Get Better Testimonials by Asking These 6 Questions
Nothing is more powerful in persuading prospects to become customers than testimonials from existing clients. These personal recommendations tend to carry great weight because they are authentic and demonstrate that real people get satisfaction and results from your products or services.
Of course, some testimonials are more persuasive than others. Here are the six questions to ask your customers to solicit stronger, more effective endorsements (both in writing and on video).
1. What was your problem before you bought from us? The answer to this question helps to establish the testimonial giver’s background or context, so a prospect can decide whether the feedback is relevant to his or her own situation. Notice that the question is framed in terms of a problem. Why? Because problems that need solutions are usually the primary reason that people seek out products and services.
2. What results do you get from our product or service? This is how you get the payoff to the previous question. Encourage the testimonial giver to describe your company’s solution to his or her problem, including what prompted a purchase from you in the first place.
3. What kept you from buying sooner? This provides useful information (particularly if your product is new, unusual, or expensive), because it helps a prospect get in touch with the reasons for his or her own reluctance to buy from you and begin to feel better about overcoming it. Testimonials accomplish this, in part, because they’re much easier to believe than a company’s marketing materials. They present a genuine customer telling the truth about his or her own situation. Prospects sense this honesty and integrity and are often moved by it.
4. What exactly did you like most about what you bought? This is traditional territory for most testimonials. But what’s better here is that you’re asking for specifics. It’s good when a customer testifies, “I like the product.” It’s even better when a customer shares more detail, such as “I like the color choices” or “The customer service is excellent.” It doesn’t matter much which details are mentioned, as long as they’re likely to appeal to prospects who will read the testimonial. Praise that’s highly specific tends to carry a lot more persuasive power than a generic thumbs-up.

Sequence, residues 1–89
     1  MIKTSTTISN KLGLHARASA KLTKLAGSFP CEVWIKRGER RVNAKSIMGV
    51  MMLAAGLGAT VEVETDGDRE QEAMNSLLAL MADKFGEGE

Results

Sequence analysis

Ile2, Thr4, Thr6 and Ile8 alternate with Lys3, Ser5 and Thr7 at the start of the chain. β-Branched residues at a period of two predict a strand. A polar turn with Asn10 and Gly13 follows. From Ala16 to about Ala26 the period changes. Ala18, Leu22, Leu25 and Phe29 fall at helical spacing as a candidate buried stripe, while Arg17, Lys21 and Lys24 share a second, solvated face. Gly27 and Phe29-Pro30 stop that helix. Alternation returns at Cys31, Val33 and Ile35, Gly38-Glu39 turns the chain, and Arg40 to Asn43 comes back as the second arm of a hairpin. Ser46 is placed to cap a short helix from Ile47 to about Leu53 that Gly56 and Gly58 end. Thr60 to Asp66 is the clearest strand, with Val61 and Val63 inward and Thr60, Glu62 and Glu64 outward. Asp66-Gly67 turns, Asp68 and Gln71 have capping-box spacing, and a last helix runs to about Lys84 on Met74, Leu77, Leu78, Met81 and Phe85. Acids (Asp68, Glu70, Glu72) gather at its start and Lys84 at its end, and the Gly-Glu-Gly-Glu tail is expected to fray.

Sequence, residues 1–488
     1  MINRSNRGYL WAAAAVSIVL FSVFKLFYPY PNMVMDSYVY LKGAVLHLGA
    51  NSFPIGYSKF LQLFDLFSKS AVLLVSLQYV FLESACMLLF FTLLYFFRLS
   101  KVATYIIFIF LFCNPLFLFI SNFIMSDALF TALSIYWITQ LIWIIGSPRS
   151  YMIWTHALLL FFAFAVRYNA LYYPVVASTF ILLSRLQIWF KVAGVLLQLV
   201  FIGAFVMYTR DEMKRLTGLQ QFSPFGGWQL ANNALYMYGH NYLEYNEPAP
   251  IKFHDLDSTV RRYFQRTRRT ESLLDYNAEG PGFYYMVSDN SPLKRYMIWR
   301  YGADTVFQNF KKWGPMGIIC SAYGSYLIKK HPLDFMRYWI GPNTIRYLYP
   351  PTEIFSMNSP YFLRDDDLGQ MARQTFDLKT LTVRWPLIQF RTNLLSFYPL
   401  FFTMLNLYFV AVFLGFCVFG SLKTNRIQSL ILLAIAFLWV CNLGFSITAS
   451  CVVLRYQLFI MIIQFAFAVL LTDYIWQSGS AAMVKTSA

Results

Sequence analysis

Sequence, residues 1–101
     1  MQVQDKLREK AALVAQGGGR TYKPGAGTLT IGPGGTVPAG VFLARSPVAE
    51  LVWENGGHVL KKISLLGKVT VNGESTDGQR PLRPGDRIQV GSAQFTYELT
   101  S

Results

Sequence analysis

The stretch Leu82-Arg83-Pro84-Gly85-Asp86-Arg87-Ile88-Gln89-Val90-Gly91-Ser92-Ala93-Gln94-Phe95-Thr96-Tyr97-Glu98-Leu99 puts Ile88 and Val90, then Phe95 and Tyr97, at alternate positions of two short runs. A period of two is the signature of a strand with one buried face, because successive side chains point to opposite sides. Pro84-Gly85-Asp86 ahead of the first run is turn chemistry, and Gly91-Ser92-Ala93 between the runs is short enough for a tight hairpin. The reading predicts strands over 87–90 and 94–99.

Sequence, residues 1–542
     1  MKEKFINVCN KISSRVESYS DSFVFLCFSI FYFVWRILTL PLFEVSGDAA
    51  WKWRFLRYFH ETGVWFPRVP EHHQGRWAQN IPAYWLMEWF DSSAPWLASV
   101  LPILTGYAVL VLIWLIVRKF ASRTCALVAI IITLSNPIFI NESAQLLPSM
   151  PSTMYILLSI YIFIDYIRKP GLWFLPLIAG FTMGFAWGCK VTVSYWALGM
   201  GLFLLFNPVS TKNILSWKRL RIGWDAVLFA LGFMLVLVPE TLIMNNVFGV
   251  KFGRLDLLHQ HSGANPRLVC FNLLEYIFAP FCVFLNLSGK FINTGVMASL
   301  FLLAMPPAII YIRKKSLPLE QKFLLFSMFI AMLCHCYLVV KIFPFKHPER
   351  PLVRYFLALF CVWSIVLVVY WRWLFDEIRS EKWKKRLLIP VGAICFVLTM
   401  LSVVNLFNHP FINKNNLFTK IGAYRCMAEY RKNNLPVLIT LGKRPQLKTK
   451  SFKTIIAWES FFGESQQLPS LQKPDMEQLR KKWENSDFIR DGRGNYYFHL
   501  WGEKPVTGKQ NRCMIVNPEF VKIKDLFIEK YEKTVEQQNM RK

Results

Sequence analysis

5. Why are you recommending this product or service? A testimonial obviously reflects a person’s approval of your product or service, so it’s a waste of time and effort to include the testimonial giver’s willingness to recommend you to others. Instead, cut right to the heart of the matter: Ask for details about why he or she is encouraging others to buy from you.
There’s potential here for the testimonial giver to repeat what he or she likes about your product, but don’t settle for that. Instead, press for a reason why he or she is taking the time and trouble to make this recommendation. You can prime the pump by offering some possibilities, such as: “Are you recommending the product to make life easier for others, or to help others save money, or to provide a shortcut to the good decision that took you several months to make on your own?”
6. Do you have any other benefits you want to mention, or anything else to add? This one’s a wild card question. Usually you won’t get a lot from it, but it’s worth asking because every now and then you’ll get a response that conveys something special about your product or service or provides a unique angle on reasons to buy from you. The answers will surprise you and may include anything from “I really like the owner’s personality” to “They came out at midnight in the rain to fix my equipment when no one else would.”
Use an audio or video recorder to make an exact record of your customers’ answers to these questions. Edit them to readily convey a simple, compelling story that reflects the testimonial givers’ positive experiences with your company. Odds are it will resonate favorably with your prospects.
Robert Moskowitz is a business writer for Intuit and is passionate about solving small business problems.